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Healing the heart of US democracy

Activating love is the heartbeat of Fetzer’s democracy work. We support efforts that focus on the cultural aspects of democracy—that expand the idea of “we” the people, build mutual respect and relationships across difference, and help people get skilled at power sharing—to strengthen our country’s social fabric.

For some, “love can heal our divisions” may sound sentimental, but at Fetzer we believe it is the most strategic and radical solution to our country’s problems.  

This work takes courage and sacrifice, and it takes time. Despite these challenges, citizens and students are reaching across divides. Religious leaders and faith communities are digging deeper. Funders across the political spectrum are joining in an alliance of love to support our fragile democratic system.   

Through unlikely collaborations, we are bridging divides. Together, we are fostering pluralism, liberty, and unity, all toward a new birth of democracy supported by our many faith-based and spiritual lenses of love.  

Learn more about activating love in democracy in this interview with Fetzer’s Senior Program Officer Sharif Azami.

Our Democracy Work in Action

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Building a nation of belonging for all 

New Pluralists is a funder collaborative mobilizing support for a politically vibrant, multi-racial, multi-faith democracy. They are dedicated to distributing $100m over 10 years to positively shape the way we see each other and ourselves.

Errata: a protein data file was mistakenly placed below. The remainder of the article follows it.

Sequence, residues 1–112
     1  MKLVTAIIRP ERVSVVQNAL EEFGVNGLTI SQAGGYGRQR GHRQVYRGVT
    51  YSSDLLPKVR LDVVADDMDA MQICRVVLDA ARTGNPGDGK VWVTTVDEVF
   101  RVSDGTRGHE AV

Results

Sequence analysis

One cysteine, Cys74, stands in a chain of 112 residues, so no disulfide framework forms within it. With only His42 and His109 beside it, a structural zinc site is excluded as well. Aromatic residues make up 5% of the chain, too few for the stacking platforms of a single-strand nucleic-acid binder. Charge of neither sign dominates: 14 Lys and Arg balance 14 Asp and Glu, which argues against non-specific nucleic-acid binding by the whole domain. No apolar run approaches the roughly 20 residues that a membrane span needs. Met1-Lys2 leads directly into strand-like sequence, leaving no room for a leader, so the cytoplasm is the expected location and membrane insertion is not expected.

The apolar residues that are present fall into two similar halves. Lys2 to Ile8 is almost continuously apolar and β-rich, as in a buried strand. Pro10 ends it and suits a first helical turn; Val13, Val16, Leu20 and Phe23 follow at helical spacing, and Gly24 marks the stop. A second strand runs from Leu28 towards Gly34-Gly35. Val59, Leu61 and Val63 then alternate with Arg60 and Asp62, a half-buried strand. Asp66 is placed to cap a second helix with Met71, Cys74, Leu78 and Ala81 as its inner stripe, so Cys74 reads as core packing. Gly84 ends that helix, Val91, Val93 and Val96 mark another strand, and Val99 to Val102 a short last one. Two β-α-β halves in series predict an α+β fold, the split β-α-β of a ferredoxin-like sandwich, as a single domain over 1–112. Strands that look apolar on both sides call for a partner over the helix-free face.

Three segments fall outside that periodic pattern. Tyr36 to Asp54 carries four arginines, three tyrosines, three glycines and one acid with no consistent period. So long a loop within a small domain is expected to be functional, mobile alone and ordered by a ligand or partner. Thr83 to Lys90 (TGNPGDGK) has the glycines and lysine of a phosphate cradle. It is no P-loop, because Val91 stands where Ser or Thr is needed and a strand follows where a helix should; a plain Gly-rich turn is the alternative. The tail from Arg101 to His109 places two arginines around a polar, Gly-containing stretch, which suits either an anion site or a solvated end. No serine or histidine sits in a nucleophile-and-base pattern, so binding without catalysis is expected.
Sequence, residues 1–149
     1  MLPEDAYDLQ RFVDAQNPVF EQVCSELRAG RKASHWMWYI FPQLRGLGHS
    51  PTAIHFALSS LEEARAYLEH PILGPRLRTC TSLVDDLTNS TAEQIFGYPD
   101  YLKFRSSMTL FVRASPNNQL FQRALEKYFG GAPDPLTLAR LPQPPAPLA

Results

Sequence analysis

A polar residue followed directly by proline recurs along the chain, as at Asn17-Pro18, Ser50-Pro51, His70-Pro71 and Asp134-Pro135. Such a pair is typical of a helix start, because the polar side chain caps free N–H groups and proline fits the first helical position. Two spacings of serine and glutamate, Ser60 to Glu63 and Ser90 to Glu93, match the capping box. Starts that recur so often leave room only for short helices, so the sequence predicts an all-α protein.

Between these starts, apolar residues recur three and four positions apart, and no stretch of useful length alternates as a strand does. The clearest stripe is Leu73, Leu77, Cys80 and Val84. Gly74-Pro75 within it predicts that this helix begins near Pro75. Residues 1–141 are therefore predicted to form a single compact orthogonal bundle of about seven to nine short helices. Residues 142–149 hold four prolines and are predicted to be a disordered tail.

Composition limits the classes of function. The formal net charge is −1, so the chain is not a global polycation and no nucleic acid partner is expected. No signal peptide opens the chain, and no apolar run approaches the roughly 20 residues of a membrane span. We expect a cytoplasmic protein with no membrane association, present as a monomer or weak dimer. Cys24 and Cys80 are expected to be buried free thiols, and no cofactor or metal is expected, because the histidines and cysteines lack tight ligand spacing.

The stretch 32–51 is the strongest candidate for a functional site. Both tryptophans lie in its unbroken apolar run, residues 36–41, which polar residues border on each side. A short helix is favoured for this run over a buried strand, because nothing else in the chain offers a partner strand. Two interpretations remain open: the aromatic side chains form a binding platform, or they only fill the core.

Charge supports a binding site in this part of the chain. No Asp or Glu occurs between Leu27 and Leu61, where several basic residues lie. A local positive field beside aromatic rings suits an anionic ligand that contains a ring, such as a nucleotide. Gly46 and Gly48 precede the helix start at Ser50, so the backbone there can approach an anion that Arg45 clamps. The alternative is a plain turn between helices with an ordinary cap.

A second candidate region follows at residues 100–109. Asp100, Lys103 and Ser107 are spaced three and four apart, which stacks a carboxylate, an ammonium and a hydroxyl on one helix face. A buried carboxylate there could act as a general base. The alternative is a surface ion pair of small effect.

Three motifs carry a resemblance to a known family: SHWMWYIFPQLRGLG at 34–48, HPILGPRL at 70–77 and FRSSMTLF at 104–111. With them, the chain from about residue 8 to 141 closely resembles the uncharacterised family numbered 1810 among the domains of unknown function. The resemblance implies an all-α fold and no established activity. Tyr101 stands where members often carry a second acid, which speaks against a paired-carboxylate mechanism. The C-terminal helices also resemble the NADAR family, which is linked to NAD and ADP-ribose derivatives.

Better Angels Media Network
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Talking across divides to build a house united 

Braver Angels is a citizens’ organization uniting blue and red Americans. 10,000+ strong, its members are a working alliance to depolarize America.  

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Organizing for values-based policy and justice

The & Campaign is a movement working to uplift a Gospel-centered worldview that results in better representation, more just and compassionate policies, and a healthier political culture.  

IFYC
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Understanding pluralism on college campuses  

Courageous Pluralism is a project answering college students’ growing interest in conversations across difference. Paired with campuses of different ideologies, students work to honor free expression, religious liberty, social cohesion, and to bridge deep divides.   

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Confronting toxic polarization  

One America Movement is a nationwide project providing programs for faith communities to understand the science of polarization, place the identity of people of faith above politics, and counter misinformation and division within and beyond faith communities.  

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Exploring faith’s role in civic life 

Faith In/And Democracy is a learning initiative adding to the body of knowledge that inspires investment and promotes engagement at the intersection of faith and democracy.